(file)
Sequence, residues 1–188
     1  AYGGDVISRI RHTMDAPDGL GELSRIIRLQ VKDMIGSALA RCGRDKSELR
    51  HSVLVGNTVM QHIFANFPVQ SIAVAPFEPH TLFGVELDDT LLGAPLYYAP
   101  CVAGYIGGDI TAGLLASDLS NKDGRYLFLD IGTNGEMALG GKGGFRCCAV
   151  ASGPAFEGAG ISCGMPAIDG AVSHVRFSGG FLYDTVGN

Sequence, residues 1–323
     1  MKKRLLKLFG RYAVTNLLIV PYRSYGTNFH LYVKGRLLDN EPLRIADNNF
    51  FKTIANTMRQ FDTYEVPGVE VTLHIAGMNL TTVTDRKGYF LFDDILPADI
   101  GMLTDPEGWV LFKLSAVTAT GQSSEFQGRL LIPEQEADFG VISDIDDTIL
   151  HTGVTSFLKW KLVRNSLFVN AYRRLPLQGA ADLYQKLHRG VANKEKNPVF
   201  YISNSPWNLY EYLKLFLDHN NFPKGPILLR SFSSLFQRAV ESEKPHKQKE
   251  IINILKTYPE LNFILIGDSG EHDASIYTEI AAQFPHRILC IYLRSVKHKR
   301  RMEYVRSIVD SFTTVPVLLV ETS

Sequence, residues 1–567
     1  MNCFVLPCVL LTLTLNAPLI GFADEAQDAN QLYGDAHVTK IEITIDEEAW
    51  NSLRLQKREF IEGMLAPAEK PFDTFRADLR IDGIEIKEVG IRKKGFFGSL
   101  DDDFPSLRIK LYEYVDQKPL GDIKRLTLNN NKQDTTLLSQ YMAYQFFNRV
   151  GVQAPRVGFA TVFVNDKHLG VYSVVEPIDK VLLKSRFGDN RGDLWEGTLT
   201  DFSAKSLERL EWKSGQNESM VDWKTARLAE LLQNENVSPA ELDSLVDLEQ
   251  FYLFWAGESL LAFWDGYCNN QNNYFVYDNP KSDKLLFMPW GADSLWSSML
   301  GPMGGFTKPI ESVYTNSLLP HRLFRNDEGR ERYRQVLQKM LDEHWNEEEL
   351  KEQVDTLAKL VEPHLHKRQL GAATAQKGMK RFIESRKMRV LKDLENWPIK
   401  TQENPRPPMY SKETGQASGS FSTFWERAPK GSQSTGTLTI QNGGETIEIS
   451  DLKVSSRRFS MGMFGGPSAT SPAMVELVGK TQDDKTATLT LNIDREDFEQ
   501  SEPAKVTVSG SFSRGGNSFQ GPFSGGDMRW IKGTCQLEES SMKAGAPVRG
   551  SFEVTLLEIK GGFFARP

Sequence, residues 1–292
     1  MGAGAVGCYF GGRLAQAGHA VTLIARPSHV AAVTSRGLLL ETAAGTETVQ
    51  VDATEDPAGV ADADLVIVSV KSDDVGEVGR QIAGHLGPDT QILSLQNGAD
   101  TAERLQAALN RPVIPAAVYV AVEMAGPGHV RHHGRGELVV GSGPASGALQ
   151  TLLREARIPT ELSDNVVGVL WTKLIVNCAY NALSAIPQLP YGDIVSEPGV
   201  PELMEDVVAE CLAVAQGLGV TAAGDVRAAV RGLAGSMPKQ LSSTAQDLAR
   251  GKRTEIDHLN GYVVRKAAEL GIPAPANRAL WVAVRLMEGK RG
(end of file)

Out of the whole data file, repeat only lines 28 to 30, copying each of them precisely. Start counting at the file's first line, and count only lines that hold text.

     1  MGAGAVGCYF GGRLAQAGHA VTLIARPSHV AAVTSRGLLL ETAAGTETVQ
    51  VDATEDPAGV ADADLVIVSV KSDDVGEVGR QIAGHLGPDT QILSLQNGAD
   101  TAERLQAALN RPVIPAAVYV AVEMAGPGHV RHHGRGELVV GSGPASGALQ